When the reform-minded government of Gough Whitlam came to power in Australia in 1972 after 23 years of conservative rule, it embarked on an agenda of polices that ranged from the high-minded – recognising the People’s Republic of China, returning indigenous lands, abolishing the death penalty and axing university fees – to more prosaic but urgent matters like connecting the sprawling outer suburbs of Sydney and Melbourne to a modern sewerage system. Cultural investment was also given prominence, with Queen Elizabeth opening Sydney’s iconic Opera House in October 1973 following two decades of construction – a rancorous project that saw Danish architect Jørn Utzen head home to Denmark, never to return, while cost overruns hit tens of millions of dollars. That fateful year also saw the start of the Gulf State oil embargo and the mid-70s recession. So when it emerged that the also new National Gallery of Australia in Canberra had paid AU$1.3m (HK$6.5m) for a painting by an American artist, Jackson Pollock’s 1952 work Blue Poles, which looked someone had laid the canvas on the floor and poured, dribbled and flecked house paint all over it, the public and popular media reacted as if they’d just learned that someone had strangled the Queen’s corgies. (After forking out for Blue Poles, the NGA acquired another work, Woman V, by the Dutch-born US painter Willem de Kooning, for a more modest US$650,000. Both painters were colleagues from the so-called New York School of Abstract Expressionism that formed after the second world war).
Fast forward to the present, where times, and attitudes, have of course changed. In a short video at the NGA’s website, Christine Dixon, senior curator of international painting and sculpture, describes why the painting today is the gallery’s most popular exhibit, starting with its sheer size: “People forget that when they see reproductions of works of art, everything looks flat. But when you come to this beautiful work, you’ll see that it’s nearly two metres high and more than five metres long.”
And, yes, Pollock did paint on the floor – his paintings were just too damn big to lean on the wall – where he “used any implement he liked to pour and dribble and fling paint to the canvas”. And yet, Dixon adds, “he could draw so subtly with such intricate ideas about the lattice work and three dimensionality of the painting. The more closely you look at the work, the more deep it becomes. If you move away it becomes a surface again.”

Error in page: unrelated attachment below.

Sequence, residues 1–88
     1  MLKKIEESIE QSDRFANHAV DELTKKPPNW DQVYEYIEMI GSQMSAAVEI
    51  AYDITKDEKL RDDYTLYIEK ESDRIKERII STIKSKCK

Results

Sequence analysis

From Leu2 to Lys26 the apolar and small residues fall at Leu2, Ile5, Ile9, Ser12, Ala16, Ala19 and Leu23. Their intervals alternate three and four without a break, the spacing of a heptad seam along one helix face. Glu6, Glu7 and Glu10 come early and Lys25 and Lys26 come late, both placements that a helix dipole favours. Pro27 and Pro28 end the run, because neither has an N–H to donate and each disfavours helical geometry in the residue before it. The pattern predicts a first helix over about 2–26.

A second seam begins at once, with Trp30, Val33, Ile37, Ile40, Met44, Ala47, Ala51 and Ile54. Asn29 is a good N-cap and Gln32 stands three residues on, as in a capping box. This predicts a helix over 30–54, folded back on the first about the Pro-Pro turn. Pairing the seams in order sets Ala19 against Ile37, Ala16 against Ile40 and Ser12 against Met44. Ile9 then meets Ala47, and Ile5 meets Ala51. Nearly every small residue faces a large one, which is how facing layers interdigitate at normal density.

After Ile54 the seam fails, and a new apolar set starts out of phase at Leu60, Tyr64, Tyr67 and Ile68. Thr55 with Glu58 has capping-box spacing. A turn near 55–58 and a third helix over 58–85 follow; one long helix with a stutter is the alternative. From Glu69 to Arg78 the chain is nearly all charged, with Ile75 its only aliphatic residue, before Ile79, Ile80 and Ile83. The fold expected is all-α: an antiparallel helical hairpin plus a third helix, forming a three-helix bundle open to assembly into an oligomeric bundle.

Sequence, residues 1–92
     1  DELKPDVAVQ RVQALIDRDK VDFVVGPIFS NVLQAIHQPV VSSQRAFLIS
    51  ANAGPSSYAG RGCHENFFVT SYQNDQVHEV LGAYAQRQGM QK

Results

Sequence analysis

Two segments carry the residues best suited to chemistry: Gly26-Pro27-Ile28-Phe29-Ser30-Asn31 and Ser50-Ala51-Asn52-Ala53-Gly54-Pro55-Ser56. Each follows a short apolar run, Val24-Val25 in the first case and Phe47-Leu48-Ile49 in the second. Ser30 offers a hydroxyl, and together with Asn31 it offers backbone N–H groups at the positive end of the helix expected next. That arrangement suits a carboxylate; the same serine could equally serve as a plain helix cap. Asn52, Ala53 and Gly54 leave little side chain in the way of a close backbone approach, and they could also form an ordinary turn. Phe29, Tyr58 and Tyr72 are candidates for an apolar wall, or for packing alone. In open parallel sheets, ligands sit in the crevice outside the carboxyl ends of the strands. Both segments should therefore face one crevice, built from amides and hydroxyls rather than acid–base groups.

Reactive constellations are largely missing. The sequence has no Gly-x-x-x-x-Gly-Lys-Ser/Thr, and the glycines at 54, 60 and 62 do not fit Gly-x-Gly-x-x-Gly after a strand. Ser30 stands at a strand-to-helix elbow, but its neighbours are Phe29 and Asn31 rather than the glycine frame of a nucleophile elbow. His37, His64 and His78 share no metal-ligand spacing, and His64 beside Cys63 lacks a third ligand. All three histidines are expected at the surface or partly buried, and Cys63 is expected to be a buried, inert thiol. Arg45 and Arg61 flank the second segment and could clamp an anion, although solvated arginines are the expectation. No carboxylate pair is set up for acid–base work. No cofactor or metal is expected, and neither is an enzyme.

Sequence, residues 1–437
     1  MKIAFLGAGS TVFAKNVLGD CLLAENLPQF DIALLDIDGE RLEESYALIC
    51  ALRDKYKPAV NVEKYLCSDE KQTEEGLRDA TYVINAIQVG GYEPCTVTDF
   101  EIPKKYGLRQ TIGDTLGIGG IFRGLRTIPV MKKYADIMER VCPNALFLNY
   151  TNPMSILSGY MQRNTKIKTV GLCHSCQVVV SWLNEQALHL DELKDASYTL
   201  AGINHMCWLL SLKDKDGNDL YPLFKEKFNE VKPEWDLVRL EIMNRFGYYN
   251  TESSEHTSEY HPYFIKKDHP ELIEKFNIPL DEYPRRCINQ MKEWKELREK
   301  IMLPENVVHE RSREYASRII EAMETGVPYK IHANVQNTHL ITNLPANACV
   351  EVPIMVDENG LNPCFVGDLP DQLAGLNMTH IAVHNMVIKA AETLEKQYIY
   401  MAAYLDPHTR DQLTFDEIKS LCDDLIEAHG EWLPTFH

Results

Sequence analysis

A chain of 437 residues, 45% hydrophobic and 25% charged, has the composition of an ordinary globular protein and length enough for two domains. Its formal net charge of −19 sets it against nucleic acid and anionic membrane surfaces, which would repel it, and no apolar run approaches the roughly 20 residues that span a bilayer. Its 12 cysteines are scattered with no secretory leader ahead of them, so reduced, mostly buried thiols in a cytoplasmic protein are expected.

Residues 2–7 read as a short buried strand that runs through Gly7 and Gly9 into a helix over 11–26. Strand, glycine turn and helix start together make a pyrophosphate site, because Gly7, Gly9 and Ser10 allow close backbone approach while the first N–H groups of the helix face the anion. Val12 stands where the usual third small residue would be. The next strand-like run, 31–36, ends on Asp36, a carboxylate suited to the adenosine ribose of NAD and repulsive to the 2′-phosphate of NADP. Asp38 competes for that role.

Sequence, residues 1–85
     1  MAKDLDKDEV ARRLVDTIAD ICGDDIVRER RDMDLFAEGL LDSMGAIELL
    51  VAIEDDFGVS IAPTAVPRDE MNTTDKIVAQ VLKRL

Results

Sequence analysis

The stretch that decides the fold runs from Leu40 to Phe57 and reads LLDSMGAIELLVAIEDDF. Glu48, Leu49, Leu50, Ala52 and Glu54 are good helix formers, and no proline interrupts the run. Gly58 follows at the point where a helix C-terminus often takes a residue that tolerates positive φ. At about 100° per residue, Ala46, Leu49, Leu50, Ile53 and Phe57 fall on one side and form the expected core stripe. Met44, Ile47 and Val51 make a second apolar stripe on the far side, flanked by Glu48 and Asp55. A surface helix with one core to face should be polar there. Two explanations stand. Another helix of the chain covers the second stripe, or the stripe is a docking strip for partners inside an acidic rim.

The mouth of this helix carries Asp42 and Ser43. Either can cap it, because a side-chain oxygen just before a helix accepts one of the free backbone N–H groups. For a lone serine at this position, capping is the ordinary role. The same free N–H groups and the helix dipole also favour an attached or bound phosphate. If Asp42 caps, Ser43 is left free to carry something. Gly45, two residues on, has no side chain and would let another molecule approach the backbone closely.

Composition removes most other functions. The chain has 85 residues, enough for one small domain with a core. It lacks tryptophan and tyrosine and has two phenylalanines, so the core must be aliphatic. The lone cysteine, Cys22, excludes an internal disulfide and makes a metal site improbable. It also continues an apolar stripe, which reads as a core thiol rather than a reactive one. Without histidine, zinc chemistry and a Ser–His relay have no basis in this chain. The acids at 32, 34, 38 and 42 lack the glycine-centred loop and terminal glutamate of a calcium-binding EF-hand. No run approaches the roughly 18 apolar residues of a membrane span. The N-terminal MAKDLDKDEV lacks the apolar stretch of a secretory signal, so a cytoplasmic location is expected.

And therein lies one of the most intriguing features of Blue Poles (and Pollock’s other works from that period): that, according to some mathematicians, the painting is composed almost entirely of fractals, something Pollock was probably not even vaguely aware of. Fractals are patterns formed by congregations of exactly, or very similar, patterns. For example, imagine an equilateral triangle that itself is comprised of four smaller triangles with exactly the same pattern. Or take the original one and stack three more the same size to get a new triangle that is four times that size. Fractal patterns are ubiquitous in nature in shapes as diverse as snowflakes or biological structures – indeed they are the patterns of life. Look closely at a snail shell or the veining of leaves. They are also found in art, especially in East Asian imagery of water and clouds: think Hokusai’s famous woodblock print, The Great Wave off Kanagawa, and notice how the shapes of the giant waves and the breaking foam at their tops are fractals of each other.
Meanwhile, it’s been nearly five decades since the NGA paid what was then a world record for a work by an American painter. Was it taken for a ride, or did they get a bargain? In September 2016, the Australian Financial Review reported that the painting had an insurance valuation of about US$350 million (HK$2.71 billion), some 300 times the 1973 price tag – a frenzy of fractals at a fraction of the price.